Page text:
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Photographer's Note

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Somewhere outside Moab, Utah...

there is a spectacular run of huge dinosaur tracks fossilized into the rock. I love the way you can feel the weight of the dinosaur (a sauropod called Camarasaurus) as it cracked the muddy lakeside, which then, miraculously, remained undisturbed enough over the subsequent 165 million years to become fossils (or, more correctly, petrosomatoglyphs).

The site is a little hard to find, which is good because that protects it somewhat from idiocy.

Several massive dinosaur footprints embedded in the rock, thought to be those of a plant-eating Camarasaurus, take a 90-degree turn to the right. Why? The Camarasaurus prints, huge with three distinct clawed toes, are accompanied by more tracks--smaller and thought to belong to several predators, Therapods.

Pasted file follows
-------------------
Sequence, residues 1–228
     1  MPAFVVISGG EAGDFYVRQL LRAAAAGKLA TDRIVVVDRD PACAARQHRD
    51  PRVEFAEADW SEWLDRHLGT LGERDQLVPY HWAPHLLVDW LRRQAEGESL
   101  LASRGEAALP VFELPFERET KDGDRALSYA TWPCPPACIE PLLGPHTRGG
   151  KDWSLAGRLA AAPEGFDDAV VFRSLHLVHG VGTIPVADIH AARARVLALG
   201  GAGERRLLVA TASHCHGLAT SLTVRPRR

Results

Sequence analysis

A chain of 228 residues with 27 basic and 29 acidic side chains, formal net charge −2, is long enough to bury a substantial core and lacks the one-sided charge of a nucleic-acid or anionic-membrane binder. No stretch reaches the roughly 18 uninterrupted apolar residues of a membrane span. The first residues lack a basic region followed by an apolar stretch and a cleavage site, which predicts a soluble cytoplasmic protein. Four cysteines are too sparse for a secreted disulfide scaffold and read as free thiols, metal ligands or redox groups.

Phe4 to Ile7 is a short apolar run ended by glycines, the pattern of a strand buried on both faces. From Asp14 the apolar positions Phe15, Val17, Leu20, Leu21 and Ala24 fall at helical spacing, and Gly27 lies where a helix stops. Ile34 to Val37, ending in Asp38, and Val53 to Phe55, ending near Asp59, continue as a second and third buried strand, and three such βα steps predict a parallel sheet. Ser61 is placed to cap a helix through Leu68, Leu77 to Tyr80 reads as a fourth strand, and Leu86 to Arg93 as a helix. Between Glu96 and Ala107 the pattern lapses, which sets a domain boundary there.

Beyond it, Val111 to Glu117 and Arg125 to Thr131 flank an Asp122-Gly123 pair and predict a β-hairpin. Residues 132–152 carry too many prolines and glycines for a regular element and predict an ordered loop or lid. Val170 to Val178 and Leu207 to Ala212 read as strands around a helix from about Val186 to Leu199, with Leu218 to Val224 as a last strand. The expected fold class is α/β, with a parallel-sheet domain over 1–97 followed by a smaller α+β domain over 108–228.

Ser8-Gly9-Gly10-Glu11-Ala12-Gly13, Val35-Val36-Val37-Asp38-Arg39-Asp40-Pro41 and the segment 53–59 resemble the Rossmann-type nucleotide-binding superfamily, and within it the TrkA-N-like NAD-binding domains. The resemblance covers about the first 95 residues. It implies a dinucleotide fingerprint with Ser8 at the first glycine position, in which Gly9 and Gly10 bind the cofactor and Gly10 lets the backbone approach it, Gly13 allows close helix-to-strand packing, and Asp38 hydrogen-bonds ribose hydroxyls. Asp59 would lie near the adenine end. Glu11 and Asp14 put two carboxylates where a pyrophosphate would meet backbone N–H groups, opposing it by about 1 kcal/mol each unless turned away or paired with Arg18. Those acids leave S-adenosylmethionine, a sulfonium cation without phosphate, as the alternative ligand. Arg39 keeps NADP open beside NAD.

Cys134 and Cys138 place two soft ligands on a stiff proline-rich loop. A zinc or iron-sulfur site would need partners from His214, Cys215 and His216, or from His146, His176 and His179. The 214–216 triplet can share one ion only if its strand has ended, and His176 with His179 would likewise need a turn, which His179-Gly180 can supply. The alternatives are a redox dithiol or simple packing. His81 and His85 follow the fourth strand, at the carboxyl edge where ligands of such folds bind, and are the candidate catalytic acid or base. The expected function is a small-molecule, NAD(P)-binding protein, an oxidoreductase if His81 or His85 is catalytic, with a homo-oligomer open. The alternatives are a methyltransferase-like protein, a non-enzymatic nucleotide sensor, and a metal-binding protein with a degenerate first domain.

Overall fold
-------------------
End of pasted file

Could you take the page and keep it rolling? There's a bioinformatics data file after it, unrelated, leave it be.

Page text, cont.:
Did the plant-eating dinosaur ever get away? Is the evidence of its life (or death) swallowed up in the pale red rocks, still waiting to be discovered? What did the first people to come across these massive tracks think? Did this discovery mark the first usage of the world-famous expression "D'oh!"?

[...]

Utah is a photographer’s dream. From Arches to Canyonlands, Dinosaur National Park to Lake Powell, and the million places in-between…you could spend a lifetime exploring photography there.

The photo was shot on Kodacolor 100, and scanned in using a Nikon Coolscan 5000. A little sharpening, otherwise little post processing.

As always, workshops welcome should you have ideas on improving this print.

-Karl

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